[ EDIT ] Oh. East coast of India?

I dug back through my source for that (National Geo) and after carful picking though it, I had missed a contextual point. SO need to correct myself.

The (Seismic) waves form from the Krakatoa landslide were detected as far as the Ural's and to Western Australia. This is the text I misunderstood from their article. "But the waves didn't stop there—they traveled as far as Arti in the Russian Urals and Kambalda in Western Australia." Had to jump back a few paragraph's in the article to get to the proper context of a Seismic Wave form.

Thanks for pointing out the inaccuracy with the information!

2018-Dec-24, 09:10 PM
Finnaly got enough information to determine that it does appear to have been a land slide combined with a lateral blast eruption. It also appears that the cone, and more like 1/2 of the island are gone.

Sat. image from 22nd showing the differences, with the area to the bottom left a bit uncertain. Source Volcano Discovery, Public Domain.


Arial image from yesterday, showing that generally it looks likes more then half the island, and probably all of the cone were lost. Source Reuters, copyright


2018-Dec-29, 04:33 PM
BBC: Anak Krakatau: Indonesian volcano's dramatic collapse (https://www.bbc.com/news/science-environment-46707731)

They say the volcano has lost more than two-thirds of its height and volume during the past week.

Roger E. Moore
2019-Jan-03, 05:49 PM

Update from Newsweek on Anak Krakatoa, with film. Region remains highly active, earthquakes and landslides reported in wide area around.

Roger E. Moore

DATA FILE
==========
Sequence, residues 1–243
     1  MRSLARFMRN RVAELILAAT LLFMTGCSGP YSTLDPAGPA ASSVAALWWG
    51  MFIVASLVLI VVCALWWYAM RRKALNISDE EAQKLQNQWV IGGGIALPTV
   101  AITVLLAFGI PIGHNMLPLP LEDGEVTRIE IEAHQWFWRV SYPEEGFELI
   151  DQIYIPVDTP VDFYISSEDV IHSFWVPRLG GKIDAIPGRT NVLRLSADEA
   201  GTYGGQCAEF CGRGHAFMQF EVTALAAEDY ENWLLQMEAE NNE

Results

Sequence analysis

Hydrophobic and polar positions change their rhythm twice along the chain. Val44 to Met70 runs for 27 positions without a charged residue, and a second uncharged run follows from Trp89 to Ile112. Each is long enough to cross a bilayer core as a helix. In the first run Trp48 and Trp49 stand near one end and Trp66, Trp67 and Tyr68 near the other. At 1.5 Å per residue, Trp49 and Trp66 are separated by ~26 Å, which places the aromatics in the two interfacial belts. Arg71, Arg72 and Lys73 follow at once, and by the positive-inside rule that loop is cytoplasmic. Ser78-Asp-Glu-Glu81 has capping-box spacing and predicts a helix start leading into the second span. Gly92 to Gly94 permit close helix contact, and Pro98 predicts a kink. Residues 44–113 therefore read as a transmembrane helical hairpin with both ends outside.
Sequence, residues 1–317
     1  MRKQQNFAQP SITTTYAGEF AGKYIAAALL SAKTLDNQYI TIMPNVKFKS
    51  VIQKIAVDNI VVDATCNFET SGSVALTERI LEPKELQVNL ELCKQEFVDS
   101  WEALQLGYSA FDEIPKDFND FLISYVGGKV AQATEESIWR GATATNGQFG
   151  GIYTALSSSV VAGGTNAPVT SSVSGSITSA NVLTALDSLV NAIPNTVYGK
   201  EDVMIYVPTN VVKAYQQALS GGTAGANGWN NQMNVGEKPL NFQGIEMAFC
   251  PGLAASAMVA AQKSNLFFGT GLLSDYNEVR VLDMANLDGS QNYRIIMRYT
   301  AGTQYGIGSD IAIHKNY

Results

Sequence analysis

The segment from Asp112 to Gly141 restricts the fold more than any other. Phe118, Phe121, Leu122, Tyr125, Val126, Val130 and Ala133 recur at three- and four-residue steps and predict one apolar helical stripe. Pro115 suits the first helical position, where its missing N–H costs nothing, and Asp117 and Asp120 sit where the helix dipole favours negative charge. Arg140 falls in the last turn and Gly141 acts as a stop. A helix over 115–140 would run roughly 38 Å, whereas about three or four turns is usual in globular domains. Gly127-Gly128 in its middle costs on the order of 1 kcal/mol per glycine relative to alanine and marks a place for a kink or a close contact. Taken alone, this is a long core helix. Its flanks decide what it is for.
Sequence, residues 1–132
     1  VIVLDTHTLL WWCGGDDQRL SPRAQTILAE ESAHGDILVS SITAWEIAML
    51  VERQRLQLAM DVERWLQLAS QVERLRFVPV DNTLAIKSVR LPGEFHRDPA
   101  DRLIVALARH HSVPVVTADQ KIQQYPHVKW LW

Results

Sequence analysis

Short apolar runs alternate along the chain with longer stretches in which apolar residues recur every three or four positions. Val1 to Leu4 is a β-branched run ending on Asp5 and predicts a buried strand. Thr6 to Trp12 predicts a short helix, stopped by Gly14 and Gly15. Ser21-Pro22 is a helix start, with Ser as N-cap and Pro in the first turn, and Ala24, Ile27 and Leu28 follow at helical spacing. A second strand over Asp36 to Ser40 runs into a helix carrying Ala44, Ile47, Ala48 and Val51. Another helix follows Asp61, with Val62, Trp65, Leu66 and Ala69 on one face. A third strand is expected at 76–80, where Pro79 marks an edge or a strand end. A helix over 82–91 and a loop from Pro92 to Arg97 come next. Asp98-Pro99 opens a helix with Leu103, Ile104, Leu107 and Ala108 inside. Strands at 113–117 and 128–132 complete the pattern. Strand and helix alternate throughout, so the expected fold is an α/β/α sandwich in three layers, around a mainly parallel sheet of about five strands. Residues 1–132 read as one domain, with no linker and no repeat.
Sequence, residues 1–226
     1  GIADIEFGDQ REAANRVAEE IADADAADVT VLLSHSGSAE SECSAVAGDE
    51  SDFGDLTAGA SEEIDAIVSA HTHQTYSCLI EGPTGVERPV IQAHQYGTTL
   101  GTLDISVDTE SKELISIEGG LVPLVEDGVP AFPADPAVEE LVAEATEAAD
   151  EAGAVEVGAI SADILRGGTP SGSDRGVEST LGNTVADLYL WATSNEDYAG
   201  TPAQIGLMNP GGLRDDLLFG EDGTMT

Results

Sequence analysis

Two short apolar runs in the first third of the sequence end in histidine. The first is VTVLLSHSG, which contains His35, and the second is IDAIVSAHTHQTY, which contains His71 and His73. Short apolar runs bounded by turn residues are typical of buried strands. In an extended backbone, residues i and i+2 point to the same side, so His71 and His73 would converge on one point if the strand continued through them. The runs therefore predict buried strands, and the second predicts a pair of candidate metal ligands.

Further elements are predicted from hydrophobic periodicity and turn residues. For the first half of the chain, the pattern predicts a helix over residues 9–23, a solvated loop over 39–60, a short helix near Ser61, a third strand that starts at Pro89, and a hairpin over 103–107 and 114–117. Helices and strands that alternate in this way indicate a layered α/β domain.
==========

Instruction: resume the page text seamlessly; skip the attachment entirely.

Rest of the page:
2019-Jan-03, 09:27 PM
WHOA - much better photographs, shocking results from cone collapse (now a bay):


2019-Jan-04, 07:45 PM
I wondered when we'd see the Sunda strait act up again

Video here--interesting at 1:55

2019-Jan-12, 07:01 AM
Still showing signs of activity. I found out a film maker was actualy there, and caught the caldera collapse on camera. Unfortunately while he escaped the tsunami his equipment did not and was lost. They don't know if it washed out to sea, or is buried in debris some place.

2019-Jan-13, 02:51 AM
Updates finally, but not from my usual sources.

Source - Volcano Discovery:

The activity at the volcano continues at reduced rate. Steam explosions have been more intermittent and smaller during the past 2 days, generating plumes that rose a few hundred meters only.
This trend corresponds to the seismic signals showing a marked decrease since the surge of supply of magma that led to the paroxysm during 21-22 Dec, which accumulated lots of new lava. This in turn might have been "the last straw that breaks the camel's back", i.e. the additional sudden weight on the slopes and/or the shaking induced by the continuous explosions could might have been the final trigger for the landslide to occur.
The Indonesian Center for Volcanology and Geological Disaster Mitigation (PVMBG) published a first official estimate on the effects of the landslide:
- The summit of Anak Krakatau originally 338 meters high is now reduced to only 110 meters, i.e. most of the summit cone has indeed disappeared.

Source - Volcano Discovery:

The northern coast of Rakata Island, facing Anak Krakatau, was hit by massive waves (up to approx 30 m high) during the catastrophic landslide and tsunami on the evening of 22 Dec.
The entire beach and the slightly higher, up to 50 m wide forested platform behind it, separating it from the cliff, have been washed away and/or collapsed in landslides following the receding wave.

Overall even with counting the landslide and steam with the eruption ejecta; I'd say my VEI-6 estimate was woefully far to high. All told it's looking like a VEI-2 maybe close to a 3.

2019-Feb-04, 03:26 PM
While my VEI estimate was incorrect, I did get the caldera collapse part right.

Found a good before/after image.


2019-Feb-05, 10:56 PM
Oh, if only the equipment had not been lost.

2019-Feb-06, 05:35 PM
Oh, if only the equipment had not been lost.

I know. A lot of data was not gathered. This was probably the first Caldera Collapse type eruption in our life times, and that data could of been used to start models of seismic signals for monitoring our three super volcanoes, Yellowstone, Newberry and long valley.